Explaining To Your Kids: Indiana High School Multi-Class Basketball

As parents, we often have trouble explaining some of life’s more complicated issues to our kids. Sometimes it’s global pandemics. Other times it’s vasectomies or iambic pentameter or Gwyneth Paltrow.

Today it’s “Indiana high school multi-class basketball.” The Dadball Era is here to help when the kids come a-questioning, because they most certainly will … particularly after you’ve been fever-preaching for three straight hours about how DENNIS HOPPER DID NOT DIE SO THAT SOME RANDOM EAST GOSHEN ARTS ACADEMY/PUD CREEK BAPTIST CLASS NEGATIVE-2F “STATE CHAMPIONSHIP” GAME COULD LIVE.

What is “class basketball?”

Institutional malpractice, really. A preventable failure. A dark, ongoing travesty that took our state’s only interesting entertainment export and sawed it into a million boring pieces, and then used those little dreary pieces like weapons to literally stab Jesus in the face, killing Him.

[gets up to leave]

Okay, okay! Sorry. Sit down. It’s a way of dividing up high schools based on student enrollment numbers. You only play similarly sized schools. Davids dance with Davids, Goliaths with Goliaths, and never the twain shall meet in the Semi-State morning game, for example. MARCH MONOTONY! Catch the status quo!™

What’s status quo?

You know that stupid slogan, “In 49 other states it’s just basketball?”


Well now it’s ALL 50 states. In all 50 states it’s just basketball. Indiana is no different than North Dakota in that regard, and nobody is making a movie about either state’s 2001 class AAAA(§6(e)) title game that tipped off 25 minutes after the class AAAA(§6(d)) title game on the same court.

How did it used to be divided up?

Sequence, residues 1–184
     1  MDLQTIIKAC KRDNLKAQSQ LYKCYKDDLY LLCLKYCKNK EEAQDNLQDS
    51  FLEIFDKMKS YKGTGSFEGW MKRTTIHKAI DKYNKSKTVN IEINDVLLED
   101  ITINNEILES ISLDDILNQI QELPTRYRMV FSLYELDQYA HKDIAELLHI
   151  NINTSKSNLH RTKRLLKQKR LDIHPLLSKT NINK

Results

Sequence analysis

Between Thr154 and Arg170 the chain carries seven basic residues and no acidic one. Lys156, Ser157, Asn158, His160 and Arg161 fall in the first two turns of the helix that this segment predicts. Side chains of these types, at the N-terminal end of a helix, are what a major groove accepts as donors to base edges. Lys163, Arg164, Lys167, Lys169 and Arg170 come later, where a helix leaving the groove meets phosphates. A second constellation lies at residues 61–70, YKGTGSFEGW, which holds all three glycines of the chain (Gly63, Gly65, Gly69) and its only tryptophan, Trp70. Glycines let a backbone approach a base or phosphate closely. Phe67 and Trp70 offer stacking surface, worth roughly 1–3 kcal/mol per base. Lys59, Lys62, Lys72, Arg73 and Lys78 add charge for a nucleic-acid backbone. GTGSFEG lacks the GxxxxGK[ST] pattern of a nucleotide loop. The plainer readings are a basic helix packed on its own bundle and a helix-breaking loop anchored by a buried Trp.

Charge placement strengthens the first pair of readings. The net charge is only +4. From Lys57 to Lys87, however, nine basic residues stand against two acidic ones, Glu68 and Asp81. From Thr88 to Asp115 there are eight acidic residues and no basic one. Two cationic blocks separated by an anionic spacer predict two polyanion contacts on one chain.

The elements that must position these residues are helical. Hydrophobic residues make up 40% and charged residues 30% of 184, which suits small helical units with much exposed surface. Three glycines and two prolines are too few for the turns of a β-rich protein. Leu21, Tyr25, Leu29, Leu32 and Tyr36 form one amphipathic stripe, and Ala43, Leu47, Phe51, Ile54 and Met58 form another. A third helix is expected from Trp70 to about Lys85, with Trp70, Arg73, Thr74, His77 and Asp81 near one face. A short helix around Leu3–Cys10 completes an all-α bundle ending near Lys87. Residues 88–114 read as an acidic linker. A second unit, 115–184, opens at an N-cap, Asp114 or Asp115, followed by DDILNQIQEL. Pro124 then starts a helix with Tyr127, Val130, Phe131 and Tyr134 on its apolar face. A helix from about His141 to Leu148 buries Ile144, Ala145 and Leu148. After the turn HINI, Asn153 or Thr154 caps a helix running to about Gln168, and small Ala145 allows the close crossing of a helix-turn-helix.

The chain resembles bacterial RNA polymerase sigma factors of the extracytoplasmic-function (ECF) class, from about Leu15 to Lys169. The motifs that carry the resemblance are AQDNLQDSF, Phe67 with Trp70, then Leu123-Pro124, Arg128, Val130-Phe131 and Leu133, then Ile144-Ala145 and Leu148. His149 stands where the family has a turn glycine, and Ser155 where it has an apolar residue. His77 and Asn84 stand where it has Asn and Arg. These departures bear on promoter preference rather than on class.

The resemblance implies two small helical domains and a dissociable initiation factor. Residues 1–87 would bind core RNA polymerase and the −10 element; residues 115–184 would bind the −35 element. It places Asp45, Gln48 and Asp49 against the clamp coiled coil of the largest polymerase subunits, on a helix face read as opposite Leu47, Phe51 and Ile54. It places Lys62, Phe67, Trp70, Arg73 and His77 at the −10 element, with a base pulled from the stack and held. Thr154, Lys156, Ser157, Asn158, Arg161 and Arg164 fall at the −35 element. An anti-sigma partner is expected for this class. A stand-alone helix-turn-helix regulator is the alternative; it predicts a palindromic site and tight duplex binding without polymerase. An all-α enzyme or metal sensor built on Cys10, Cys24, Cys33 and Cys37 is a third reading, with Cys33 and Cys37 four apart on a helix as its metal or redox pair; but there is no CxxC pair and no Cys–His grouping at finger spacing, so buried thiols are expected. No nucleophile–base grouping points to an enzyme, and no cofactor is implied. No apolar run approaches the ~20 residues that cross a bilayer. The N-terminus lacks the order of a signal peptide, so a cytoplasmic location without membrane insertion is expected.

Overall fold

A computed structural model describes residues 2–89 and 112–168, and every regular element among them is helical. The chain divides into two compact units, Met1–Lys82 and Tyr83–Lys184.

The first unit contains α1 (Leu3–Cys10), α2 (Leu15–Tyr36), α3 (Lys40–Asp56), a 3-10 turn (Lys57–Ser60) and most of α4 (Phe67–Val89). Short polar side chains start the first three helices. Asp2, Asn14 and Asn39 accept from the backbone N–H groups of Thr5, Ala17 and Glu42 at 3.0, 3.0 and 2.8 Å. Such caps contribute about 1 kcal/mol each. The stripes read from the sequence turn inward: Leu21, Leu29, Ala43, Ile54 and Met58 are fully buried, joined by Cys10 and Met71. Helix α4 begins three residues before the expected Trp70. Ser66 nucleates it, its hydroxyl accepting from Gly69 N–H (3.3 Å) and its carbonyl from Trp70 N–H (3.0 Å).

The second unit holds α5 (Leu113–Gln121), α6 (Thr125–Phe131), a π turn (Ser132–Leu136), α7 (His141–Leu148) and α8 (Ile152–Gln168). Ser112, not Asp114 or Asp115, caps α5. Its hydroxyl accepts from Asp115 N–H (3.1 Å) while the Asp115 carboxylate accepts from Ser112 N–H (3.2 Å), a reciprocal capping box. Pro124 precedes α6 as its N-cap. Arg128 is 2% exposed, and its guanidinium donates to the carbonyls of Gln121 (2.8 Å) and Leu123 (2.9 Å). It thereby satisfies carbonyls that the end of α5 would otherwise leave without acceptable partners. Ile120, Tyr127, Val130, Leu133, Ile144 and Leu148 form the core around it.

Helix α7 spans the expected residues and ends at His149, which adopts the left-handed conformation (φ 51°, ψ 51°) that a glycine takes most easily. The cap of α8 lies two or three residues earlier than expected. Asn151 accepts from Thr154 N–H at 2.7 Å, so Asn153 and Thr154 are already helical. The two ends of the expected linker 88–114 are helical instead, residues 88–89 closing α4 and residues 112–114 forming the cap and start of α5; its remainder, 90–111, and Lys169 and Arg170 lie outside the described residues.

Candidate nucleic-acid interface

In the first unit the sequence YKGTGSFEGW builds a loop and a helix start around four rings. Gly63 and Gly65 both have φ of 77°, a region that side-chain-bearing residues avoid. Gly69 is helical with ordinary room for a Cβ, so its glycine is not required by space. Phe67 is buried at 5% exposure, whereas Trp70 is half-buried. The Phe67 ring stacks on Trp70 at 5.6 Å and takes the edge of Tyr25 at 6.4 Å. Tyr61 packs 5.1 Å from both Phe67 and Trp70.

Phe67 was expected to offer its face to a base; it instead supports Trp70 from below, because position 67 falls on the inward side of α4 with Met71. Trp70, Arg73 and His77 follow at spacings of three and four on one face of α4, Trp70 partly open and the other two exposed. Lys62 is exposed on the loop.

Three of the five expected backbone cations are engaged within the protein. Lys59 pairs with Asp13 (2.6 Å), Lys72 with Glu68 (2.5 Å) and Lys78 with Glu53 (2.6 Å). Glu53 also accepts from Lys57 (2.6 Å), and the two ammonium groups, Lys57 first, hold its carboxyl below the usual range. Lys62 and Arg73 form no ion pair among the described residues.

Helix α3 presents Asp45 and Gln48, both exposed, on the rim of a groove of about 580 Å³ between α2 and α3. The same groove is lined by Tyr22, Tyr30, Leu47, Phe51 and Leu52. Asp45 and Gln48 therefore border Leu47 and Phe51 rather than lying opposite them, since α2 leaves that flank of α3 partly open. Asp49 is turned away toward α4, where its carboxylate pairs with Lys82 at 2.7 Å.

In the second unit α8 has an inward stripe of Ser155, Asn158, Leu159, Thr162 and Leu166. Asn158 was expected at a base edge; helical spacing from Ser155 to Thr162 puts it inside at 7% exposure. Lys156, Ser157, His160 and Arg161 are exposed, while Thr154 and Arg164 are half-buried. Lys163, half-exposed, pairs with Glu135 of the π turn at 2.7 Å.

Geography. Whatever handful of schools were nearby, they’d all play in the same sectional, no matter the student enrollment. Pick those teams out of a hat and go, no questions asked. A home-schooled hodgepodge team with no gym and like eight kids total might draw Carmel High School in the first game and that tiny commune team would probably lose by a couple hundred points. But not always. And that mere CHANCE that the obscure little Jonestown Christian Coalition or whatever could upend the powerhouse is what made Indiana high school basketball the nationally known commodity that it was.

One class. One title game. One champion. That’s what made it unique.

It was an odd recipe, for sure—and highly unfair most of the time—but we all developed a taste for it, and so did Hollywood.

Now it’s just an uninteresting, unoriginal Applebee’s along the Shadeland Avenue of American life.

So like—who cares? What difference does it make?

You know how the first couple days of the NCAA Tournament are a total blast? That’s all because No. 15-seed West Florida DJ & Vape Rig Technical Institute or whoever MIGHT pull off the upset against the heavily favored No. 2-seed Maryland. That’s what makes it so fun.

Indiana high school basketball used to have those possibilities too. With multi-class basketball, now it doesn’t.

God you’re such a Boomer. Why did it change?

Fairness? Money? Russian interference? I truly have no idea and never cared to ask.

Are you crying?

Please leave.